North Korea 

The Soviet Union and China provided North Korea with major assistance when it began building its large stocks of chemical and biological weapons in the 1960s.   The unclassified CIA report is silent on whether this assistance continues from either Russia or China. The latest unclassified CIA report does indicate that Russia has provided major assistance in building its Nodong medium range ballistic missile (900 miles) and aid in building its 9200 mile intercontinental ballistic missile, the Taepodong[48]. 

A major Soviet missile producer guided the development of North Korea’s medium range Nodong’s missile during the Gorbachev and Yeltsin years[49].   Russian companies have also provided raw materials and advanced machine tools to assist with the Nodong.  

North Korea has also allegedly attempted to smuggle Russian plutonium, and according to one source has successfully smuggled enough material to make 7 to 9 nuclear bombs[50].  


            The unclassified CIA report lists Serbia under Milosevic as a key supplier of ballistic missile related goods to Libya[51].   In my judgment, this means Russia was providing this assistance using Serbia as a conduit. The CIA report indicates Russia is discussing assistance to a ostensibly civilian nuclear program in Libya and notes that this could lead to “opportunities to pursue technologies that could be diverted for military purposes” [52]. Russia is also Libya’s main supplier of conventional armaments, including the Tu-22 bomber which the Russians use for nuclear weapons delivery[53].  


Beyond the tactical FROG missile (42 mile range) provided by the Soviets and the various SCUDs provided by North Korea, the Russians have sold many SS-21 short range missiles (72 miles) to Syria[54].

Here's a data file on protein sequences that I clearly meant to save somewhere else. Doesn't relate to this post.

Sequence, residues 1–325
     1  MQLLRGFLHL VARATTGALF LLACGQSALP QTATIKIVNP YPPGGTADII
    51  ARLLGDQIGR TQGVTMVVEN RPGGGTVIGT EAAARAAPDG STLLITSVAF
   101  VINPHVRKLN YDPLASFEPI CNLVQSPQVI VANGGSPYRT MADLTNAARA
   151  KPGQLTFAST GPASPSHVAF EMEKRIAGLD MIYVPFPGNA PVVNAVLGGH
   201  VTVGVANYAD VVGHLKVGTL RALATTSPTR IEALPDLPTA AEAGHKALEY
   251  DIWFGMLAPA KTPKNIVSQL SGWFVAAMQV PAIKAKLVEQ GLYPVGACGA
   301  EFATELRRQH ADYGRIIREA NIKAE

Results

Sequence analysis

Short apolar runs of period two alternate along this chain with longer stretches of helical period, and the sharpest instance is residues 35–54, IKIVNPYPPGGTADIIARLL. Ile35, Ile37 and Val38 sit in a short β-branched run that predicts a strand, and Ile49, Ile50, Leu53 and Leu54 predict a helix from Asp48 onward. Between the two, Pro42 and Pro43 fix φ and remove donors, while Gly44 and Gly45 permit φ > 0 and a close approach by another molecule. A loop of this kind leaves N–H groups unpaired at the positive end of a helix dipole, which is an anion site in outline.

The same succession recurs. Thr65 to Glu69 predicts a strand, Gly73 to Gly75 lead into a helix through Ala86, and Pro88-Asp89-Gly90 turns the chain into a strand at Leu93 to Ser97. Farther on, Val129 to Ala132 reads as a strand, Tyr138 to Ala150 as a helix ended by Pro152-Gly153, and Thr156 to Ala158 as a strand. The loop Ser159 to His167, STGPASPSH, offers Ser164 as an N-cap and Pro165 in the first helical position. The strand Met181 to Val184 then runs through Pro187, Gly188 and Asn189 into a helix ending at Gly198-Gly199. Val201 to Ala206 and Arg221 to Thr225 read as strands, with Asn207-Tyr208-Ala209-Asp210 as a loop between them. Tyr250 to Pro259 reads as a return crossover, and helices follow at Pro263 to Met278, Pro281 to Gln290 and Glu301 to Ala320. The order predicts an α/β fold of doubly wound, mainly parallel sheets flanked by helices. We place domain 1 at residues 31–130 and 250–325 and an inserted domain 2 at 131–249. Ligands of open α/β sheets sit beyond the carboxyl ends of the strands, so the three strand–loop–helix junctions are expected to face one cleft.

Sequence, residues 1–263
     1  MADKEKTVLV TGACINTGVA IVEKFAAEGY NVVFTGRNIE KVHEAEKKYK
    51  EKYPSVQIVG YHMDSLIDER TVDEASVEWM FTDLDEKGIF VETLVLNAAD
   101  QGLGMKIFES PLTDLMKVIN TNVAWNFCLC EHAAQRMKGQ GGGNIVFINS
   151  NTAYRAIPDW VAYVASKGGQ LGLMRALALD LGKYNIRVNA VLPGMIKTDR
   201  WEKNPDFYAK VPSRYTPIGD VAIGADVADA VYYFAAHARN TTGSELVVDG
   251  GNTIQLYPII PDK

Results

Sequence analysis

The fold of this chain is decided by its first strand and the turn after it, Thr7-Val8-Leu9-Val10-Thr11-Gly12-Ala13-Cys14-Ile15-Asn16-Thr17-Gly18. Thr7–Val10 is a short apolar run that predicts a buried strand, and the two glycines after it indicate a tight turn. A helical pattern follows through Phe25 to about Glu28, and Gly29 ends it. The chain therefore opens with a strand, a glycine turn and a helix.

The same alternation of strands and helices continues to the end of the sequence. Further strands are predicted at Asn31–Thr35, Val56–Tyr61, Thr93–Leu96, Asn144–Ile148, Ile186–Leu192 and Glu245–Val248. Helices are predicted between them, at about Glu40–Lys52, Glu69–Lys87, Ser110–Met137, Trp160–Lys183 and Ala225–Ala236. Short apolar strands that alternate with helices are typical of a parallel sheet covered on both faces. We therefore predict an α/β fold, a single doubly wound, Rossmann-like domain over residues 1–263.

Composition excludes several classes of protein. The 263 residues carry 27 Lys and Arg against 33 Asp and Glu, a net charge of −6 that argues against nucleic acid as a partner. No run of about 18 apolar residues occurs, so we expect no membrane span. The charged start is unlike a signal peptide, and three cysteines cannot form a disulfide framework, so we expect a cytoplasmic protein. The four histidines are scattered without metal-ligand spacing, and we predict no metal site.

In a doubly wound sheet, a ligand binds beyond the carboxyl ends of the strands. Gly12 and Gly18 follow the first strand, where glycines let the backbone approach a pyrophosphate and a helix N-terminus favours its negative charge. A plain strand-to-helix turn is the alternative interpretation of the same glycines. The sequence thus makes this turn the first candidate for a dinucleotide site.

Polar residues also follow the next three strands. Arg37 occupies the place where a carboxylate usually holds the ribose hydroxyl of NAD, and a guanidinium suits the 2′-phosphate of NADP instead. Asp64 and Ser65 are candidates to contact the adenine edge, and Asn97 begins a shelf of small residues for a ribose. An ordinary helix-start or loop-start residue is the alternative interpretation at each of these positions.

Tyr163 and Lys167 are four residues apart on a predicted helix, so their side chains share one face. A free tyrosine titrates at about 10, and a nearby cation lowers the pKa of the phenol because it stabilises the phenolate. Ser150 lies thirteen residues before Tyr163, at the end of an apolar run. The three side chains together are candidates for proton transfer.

In early 1995, Russian General Anatoly Kuntsevich, President Yeltsin's personal adviser on chemical disarmament and Russia's highest official authority on the subject, was suspected of smuggling nerve gas precursors to Syria and dismissed from his position[55].  

The CIA reports that Syria is critically dependent on foreign sources for its chemical weapons program – possibly Russia. Further, Russia provides help for its ballistic missile program. Russia has also been cooperating with Syria on civil nuclear power – expertise that could assist a nuclear weapons program[56]. 


            We have already discussed the ever-increasing sale of advanced Russian weapons to China. Estimates are that Russia has sold about $18 billion worth of weapons to China since 1994 and plans to sell about the same amount in the next several years.  

It is suspected that during the 1990s missile designs and technology from Russia’s SS-18 multiple warhead ICBM was transferred to China by Russia[57].   This would have been incorporated into China’s ICBMs (DF-5/C-SS-4).   It is important to note that in 1990 there were allegedly two of these missiles; now there are an estimated 26[58].   China’s current ICBMs, targeted on the US, are undoubtedly more reliable and accurate due, among other factors, to this Russian assistance.